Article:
On Monday, November 2, the Alliance for Aging Research submitted feedback to the Centers for Medicare and Medicaid Services (CMS) on the Medicare Coverage for Innovative Technology and Definition of “Reasonable and Necessary” proposed rule. CMS proposes to provide an initial Medicare coverage of up to four years for “breakthrough devices” immediately upon market approval from the Food and Drug Administration (FDA). The agency also proposed to revise and codify the definition of “reasonable and necessary” services, which is used in evaluating procedures and products for coverage in the Medicare program.
Key points in the comment letter include:
- Support for CMS’s proposal to align Medicare coverage with FDA approval for devices designated as “breakthrough,” i.e. that provide a treatment option when no clear alternatives exist or that have significant advantages over existing treatments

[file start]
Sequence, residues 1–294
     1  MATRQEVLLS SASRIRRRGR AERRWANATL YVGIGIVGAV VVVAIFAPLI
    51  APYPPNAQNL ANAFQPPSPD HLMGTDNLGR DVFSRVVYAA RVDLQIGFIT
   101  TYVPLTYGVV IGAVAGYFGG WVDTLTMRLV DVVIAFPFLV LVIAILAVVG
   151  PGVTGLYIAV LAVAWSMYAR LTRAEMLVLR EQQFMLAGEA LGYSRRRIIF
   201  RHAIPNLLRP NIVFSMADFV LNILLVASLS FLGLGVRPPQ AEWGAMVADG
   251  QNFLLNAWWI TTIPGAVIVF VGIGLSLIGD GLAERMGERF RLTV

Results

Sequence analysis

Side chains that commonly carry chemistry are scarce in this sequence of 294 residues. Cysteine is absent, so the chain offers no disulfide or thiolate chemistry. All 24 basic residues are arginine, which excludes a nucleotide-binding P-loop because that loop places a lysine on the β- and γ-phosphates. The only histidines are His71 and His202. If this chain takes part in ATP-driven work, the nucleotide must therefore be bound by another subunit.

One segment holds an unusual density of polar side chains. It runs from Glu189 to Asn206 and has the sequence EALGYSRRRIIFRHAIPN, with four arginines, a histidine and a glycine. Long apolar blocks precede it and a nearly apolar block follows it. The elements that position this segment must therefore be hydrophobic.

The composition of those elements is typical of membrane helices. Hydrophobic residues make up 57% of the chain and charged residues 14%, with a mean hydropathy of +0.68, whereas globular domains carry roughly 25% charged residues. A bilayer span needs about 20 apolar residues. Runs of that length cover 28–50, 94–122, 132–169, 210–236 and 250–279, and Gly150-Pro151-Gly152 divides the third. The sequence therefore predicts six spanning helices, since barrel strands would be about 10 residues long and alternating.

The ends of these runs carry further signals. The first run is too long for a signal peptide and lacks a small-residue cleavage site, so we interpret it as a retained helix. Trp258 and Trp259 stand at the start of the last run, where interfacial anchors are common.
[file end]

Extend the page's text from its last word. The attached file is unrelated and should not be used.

- Advising CMS to withdraw the proposed revision and codification of the definition of “reasonable and necessary.” CMS’s proposal would allow Medicare coverage determinations to incorporate considerations of decisions made by commercial insurers. However, Medicare coverage has historically provided greater coverage than commercially available plans.
About the Alliance for Aging Research
The Alliance for Aging Research is the leading nonprofit organization dedicated to accelerating the pace of scientific discoveries and their application to vastly improve the universal human experience of aging and health. The Alliance believes advances in research help people live longer, happier, more productive lives and reduce healthcare costs over the long term. For more than 30 years, the Alliance has guided efforts to substantially increase funding and focus for aging at the National Institutes of Health and Food and Drug Administration; built influential coalitions to guide groundbreaking regulatory improvements for age-related diseases; and created award-winning, high-impact educational materials to improve the health and well-being of older adults and their family caregivers. For more information, visit www.agingresearch.org
Vice President of Communications